A note from the author: The quote above is one of the only metaphors I will indulge in here. There may be a few more, but I will attempt to curb my impulse. I like metaphor. They’re easy. They’re also easy to hide behind and for what we’re about to dive into I would like to hide. But God has always made hiding at Trinity Grace Church hard for me and I remain grateful.
Ten years ago Jon Tyson sent me those words about forgiveness in an email. He was graciously responding to an email that I sent that if I look at it ten years later I would say would be far too long and sadly full of too many painful questions that no one could possibly ever have answers to. At thirty there is slightly a bit more peace around questions that don’t have answers and sitting in pain that is real and present. At twenty there is no ability as I would normally say “to roll with it.” And I was definitely not “rolling with it” when I walked into Origins, now TGC. I happened upon Origins when I wasn’t looking to change churches or be a part of anything new. But I stepped through the door because of a new friend I had met and I felt my chest and my mind crack open, which meant that ultimately I would send the fated overly long email and receive the words, “Morgan, forgiveness is the currency on which God’s kingdom runs.”
In the early winter of 2000 my cousin was murdered in his home. It’s a long story in which he was helping someone and it ended badly for him. I was fairly young and I watched my entire family go through pain that I cannot describe, pain that made it impossible for us to breathe and to be, pain that was sort of impossible to talk about. My family talks about everything. We engage everything with language especially my immediate family and to watch my parents, sister and I sit and sob and have nothing to say to each other was strange and horrifying and it’s own new pain. And so I carried it. And it transformed into very complex emotions around the perpetrator of the crime.
I hated him. Hate would be mild word in actuality for what I felt. Most of what went on in my imagination and in my heart wasn’t even fit to share with my accountability. It would have shocked them, probably made them question my salvation, and get on high Christian horses of forgiveness and piety. Honestly, you can’t sit in a chapel with other twenty year olds who have lived lovely lives and tell someone that last night you hoped someone shanked someone else in a yard. It feels uncouth for some reason. Because death wasn’t even enough. I remember praying the distinct prayer that this person would never experience the love of Jesus and surrender their life to God so that they might experience the experience of separation forever. That for me felt like a reasonable punishment. It felt like maybe that could create restitution. It did not. It created in me more pain. It felt like I was pouring battery acid into my own soul. And by the time I walked through the doors of Origins God had worked mercy, forgiveness and grace into places in my heart that I knew it had to stop. And so I sent an email…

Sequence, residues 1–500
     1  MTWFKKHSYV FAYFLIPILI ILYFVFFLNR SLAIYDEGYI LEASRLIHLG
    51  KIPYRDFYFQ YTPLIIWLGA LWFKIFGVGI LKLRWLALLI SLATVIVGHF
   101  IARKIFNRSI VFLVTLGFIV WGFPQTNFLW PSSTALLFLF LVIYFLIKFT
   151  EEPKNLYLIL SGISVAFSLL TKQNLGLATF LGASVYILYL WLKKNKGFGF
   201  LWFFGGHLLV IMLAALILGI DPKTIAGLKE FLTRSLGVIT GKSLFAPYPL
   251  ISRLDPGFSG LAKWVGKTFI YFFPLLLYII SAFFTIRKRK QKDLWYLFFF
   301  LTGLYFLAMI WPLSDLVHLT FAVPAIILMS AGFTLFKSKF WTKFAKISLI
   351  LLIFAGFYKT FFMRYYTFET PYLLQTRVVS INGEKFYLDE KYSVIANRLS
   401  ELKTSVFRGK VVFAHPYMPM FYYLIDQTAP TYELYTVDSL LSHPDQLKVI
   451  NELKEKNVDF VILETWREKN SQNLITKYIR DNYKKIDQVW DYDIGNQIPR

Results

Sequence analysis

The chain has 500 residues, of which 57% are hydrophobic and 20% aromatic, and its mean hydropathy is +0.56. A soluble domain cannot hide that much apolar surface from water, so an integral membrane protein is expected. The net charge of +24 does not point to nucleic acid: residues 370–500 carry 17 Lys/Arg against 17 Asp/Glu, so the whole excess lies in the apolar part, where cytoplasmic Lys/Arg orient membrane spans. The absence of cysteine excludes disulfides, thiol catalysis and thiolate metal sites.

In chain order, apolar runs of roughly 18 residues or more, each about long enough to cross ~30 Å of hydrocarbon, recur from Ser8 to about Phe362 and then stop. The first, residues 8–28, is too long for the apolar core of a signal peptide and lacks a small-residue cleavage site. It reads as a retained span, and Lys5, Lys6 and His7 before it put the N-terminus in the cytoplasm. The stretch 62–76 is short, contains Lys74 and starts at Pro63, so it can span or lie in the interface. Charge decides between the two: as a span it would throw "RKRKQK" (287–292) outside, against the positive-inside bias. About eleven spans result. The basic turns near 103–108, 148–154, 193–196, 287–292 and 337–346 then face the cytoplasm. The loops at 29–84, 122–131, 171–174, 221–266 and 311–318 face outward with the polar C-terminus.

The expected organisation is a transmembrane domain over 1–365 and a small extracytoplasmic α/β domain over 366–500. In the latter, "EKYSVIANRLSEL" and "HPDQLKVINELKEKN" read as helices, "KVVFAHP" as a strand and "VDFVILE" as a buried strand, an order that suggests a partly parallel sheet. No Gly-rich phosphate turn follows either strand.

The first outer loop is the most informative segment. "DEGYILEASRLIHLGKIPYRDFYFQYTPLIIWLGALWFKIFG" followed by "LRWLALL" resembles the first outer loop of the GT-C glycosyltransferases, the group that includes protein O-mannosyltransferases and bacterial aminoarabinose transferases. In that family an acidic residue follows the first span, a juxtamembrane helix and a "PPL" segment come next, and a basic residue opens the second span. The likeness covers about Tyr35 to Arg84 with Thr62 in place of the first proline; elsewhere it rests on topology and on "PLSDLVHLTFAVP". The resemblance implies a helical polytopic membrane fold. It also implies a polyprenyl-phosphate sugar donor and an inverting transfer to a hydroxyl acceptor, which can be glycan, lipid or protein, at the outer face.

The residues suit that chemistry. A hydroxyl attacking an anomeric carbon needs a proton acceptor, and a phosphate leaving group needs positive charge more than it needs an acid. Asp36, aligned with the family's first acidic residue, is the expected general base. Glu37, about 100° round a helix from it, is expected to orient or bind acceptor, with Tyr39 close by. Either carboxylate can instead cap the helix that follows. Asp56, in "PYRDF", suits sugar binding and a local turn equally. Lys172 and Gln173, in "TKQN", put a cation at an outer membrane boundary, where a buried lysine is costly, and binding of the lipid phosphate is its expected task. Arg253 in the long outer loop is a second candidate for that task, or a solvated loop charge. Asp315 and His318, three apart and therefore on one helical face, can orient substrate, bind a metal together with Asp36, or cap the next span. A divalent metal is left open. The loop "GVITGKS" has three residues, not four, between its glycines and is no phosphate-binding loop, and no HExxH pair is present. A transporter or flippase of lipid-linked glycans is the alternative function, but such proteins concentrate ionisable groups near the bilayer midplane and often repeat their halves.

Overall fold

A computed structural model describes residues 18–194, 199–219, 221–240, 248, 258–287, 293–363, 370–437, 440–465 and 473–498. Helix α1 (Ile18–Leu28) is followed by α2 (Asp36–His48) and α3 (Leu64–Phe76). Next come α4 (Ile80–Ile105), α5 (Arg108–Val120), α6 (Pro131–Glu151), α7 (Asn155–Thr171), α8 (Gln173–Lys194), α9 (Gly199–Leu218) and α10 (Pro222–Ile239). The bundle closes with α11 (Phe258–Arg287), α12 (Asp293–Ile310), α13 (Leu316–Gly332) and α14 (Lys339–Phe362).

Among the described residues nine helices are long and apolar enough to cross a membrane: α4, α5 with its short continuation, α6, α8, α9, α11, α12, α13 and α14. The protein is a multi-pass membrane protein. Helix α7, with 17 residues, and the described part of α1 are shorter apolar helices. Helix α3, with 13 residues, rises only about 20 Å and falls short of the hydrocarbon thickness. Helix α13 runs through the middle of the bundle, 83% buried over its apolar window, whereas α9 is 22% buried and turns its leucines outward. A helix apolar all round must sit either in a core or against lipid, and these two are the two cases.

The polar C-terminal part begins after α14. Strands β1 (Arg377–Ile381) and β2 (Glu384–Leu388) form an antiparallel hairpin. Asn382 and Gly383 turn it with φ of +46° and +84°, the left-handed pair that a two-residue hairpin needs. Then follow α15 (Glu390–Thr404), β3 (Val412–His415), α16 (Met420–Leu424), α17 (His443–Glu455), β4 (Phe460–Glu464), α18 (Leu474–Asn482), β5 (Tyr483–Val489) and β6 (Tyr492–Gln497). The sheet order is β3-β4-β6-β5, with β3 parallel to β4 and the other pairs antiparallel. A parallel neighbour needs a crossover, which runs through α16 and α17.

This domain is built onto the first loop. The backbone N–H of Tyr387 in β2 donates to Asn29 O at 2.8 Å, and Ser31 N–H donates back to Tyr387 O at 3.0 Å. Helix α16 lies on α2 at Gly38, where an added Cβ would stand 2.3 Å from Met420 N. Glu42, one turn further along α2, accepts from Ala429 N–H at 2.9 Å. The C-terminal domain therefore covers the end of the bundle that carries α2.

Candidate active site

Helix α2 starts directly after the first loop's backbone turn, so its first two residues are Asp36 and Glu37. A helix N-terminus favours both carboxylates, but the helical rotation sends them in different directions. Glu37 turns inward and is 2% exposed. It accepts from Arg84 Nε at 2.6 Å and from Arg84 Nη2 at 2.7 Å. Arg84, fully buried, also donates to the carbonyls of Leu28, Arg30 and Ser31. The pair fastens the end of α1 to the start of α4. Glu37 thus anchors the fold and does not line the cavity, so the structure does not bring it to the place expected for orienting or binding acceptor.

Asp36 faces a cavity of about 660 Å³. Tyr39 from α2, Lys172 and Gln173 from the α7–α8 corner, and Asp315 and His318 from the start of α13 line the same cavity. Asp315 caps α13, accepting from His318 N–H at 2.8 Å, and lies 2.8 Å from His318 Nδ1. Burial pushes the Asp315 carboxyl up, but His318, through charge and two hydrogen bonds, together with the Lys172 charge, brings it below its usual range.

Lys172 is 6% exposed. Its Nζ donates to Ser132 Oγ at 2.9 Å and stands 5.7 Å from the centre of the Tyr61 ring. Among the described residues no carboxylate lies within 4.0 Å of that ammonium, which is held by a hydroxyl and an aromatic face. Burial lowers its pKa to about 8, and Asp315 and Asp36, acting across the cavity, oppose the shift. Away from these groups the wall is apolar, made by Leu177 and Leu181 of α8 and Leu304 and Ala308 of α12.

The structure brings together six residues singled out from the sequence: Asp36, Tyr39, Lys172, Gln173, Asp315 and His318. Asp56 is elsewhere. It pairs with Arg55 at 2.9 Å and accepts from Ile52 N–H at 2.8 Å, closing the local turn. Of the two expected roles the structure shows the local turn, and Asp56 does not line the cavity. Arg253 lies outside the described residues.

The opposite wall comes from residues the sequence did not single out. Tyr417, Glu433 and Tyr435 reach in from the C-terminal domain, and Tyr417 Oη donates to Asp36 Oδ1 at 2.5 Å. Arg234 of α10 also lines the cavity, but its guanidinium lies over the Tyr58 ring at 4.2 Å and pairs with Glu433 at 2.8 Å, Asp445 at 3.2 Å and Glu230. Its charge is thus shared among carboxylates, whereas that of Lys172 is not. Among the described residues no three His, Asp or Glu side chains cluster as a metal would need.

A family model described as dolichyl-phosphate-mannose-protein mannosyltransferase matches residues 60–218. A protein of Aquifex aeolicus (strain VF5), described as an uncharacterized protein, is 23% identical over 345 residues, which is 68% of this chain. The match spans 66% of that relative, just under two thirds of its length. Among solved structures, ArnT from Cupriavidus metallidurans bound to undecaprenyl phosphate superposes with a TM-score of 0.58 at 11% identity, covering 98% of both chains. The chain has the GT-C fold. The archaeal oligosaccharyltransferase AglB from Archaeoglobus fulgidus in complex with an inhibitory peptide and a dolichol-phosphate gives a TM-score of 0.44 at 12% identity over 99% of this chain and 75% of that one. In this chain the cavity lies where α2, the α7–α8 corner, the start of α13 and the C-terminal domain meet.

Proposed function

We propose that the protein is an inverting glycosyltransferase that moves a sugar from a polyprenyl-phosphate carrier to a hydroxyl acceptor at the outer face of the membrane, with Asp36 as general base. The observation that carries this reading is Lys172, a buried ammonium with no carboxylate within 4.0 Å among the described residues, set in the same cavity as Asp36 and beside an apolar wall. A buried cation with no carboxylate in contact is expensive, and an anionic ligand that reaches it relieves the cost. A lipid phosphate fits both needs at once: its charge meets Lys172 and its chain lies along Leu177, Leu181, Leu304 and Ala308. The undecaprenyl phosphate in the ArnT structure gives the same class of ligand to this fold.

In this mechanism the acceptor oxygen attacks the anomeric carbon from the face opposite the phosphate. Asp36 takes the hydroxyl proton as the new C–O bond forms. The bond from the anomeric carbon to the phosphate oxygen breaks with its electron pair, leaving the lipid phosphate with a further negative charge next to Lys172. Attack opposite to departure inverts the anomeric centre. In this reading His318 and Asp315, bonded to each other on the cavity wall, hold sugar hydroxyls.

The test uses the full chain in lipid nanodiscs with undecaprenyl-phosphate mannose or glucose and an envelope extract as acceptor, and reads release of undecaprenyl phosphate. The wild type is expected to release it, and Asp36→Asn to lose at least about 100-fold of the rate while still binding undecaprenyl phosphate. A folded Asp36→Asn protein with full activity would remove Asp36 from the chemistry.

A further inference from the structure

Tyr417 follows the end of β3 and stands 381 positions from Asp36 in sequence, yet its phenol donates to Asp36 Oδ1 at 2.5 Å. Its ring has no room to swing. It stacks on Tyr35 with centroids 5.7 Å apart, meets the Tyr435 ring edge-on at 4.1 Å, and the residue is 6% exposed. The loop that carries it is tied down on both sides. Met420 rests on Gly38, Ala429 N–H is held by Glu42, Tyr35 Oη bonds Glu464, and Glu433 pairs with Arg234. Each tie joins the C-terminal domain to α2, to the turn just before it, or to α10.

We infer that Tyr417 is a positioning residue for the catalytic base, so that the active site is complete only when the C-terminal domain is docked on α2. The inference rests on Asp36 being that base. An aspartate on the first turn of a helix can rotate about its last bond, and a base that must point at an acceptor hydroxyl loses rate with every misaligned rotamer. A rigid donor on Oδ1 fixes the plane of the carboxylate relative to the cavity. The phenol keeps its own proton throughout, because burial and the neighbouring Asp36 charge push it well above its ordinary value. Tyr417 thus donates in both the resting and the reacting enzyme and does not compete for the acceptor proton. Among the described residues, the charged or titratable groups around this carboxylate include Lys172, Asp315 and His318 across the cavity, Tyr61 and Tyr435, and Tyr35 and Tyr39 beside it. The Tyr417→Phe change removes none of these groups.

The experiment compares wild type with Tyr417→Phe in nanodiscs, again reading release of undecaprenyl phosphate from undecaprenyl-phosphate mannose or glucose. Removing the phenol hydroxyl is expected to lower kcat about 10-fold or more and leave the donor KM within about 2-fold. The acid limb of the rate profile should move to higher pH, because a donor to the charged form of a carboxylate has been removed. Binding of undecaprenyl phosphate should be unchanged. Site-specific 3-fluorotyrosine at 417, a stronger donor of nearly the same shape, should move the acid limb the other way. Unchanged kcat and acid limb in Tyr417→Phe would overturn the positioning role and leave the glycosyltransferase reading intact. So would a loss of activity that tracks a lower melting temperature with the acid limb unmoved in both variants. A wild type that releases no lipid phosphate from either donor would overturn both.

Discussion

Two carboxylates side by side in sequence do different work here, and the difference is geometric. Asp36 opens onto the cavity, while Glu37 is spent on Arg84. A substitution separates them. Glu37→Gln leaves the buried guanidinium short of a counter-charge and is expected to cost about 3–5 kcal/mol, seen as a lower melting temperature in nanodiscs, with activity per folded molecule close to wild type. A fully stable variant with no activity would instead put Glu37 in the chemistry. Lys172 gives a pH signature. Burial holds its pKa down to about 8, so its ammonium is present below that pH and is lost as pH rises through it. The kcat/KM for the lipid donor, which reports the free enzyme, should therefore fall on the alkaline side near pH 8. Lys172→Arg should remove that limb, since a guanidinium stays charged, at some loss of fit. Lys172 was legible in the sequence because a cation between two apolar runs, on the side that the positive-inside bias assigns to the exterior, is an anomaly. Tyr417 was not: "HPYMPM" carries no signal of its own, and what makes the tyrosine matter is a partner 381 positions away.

I met Jon for coffee. I think he felt like he was failing me as a pastor because there were no answers. There was nothing to point to and say “Morgan, do this.” And so I had to sit in it. And I did. And I moved through in profound and interesting ways. At TGC I sat in the back of the Triad and cried and began to see in new and real ways in which Jesus was the image of the invisible God. And in that I began to see the real ways in which the currency of God’s kingdom was in fact forgiveness. And as I began to forgive this murderer my life opened up in ways that I am grateful for. But the words “Morgan, forgiveness is the currency on which God’s Kingdom runs.” kept a hold on my brain and my heart.
I forgave. It happened a little at a time for me. In small ways and I can talk about that journey in profound specifics over scotch and cigars, but that is for another time. As I grew in my own forgiveness I started to actually see glimpses of what it looked like to join God in the renewal of all things. And as I looked around me and what I saw, at least in the criminal justice system, was a society that looked something like me, before I engaged. Now I am not saying that everyone has to forgive. I am not putting that burden on anyone. But I saw in the culture a space in which people sat in un-forgiveness and pain on a meta scale and it seemed to be leading to many things that grieved my heart. But I am not a lawyer. I am an actor and more recently a playwright… I didn’t know where to start or begin so I let it sit. But the words “Morgan, forgiveness is the currency on which God’s kingdom runs” played in my head like a tape. And so I sat down one day and I started writing. And then I wrote for two years. I wrote my story in a play. I wrote the pain and I wrote the forgiveness and I hoped that it could be something that spoke to people, people without my experience that maybe it can change how they look at our prisons and the people in them. Because if I could change how I looked at this one person then maybe we could change how we look at everyone.
I don’t know if it will do that. That is my hope. And it will have life this summer at the TBG theatre in Midtown. And I know that I wouldn’t have been able to write it without that season at TGC. I know now that sometimes things take ten years or more to come to fruition. And so I am grateful for that conversation ten years ago. It is the place that God knit forgiveness into the threads of the deepest places of my heart. It is the place where I learned to “above all, trust in the slow work of God.”